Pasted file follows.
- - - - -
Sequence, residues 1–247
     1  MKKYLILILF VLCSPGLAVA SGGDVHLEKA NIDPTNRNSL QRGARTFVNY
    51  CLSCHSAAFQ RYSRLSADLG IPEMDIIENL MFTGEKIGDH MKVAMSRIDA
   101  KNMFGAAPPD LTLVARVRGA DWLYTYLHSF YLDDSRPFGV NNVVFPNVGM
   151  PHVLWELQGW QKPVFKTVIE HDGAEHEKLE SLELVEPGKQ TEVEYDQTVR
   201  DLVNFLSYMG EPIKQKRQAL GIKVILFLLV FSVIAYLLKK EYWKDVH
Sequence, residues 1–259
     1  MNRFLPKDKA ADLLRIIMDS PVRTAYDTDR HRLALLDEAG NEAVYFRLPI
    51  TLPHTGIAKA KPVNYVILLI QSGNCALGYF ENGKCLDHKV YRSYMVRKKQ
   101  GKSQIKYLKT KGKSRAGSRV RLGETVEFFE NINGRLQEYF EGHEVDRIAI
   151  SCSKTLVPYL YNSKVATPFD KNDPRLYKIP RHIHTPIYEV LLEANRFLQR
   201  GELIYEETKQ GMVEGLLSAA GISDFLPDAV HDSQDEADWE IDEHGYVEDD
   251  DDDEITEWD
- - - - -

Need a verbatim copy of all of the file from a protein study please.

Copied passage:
Sequence, residues 1–247
     1  MKKYLILILF VLCSPGLAVA SGGDVHLEKA NIDPTNRNSL QRGARTFVNY
    51  CLSCHSAAFQ RYSRLSADLG IPEMDIIENL MFTGEKIGDH MKVAMSRIDA
   101  KNMFGAAPPD LTLVARVRGA DWLYTYLHSF YLDDSRPFGV NNVVFPNVGM
   151  PHVLWELQGW QKPVFKTVIE HDGAEHEKLE SLELVEPGKQ TEVEYDQTVR
   201  DLVNFLSYMG EPIKQKRQAL GIKVILFLLV FSVIAYLLKK EYWKDVH
Sequence, residues 1–259
     1  MNRFLPKDKA ADLLRIIMDS PVRTAYDTDR HRLALLDEAG NEAVYFRLPI
    51  TLPHTGIAKA KPVNYVILLI QSGNCALGYF ENGKCLDHKV YRSYMVRKKQ
   101  GKSQIKYLKT KGKSRAGSRV RLGETVEFFE NINGRLQEYF EGHEVDRIAI
   151  SCSKTLVPYL YNSKVATPFD KNDPRLYKIP RHIHTPIYEV LLEANRFLQR
   201  GELIYEETKQ GMVEGLLSAA GISDFLPDAV HDSQDEADWE IDEHGYVEDD
   251  DDDEITEWD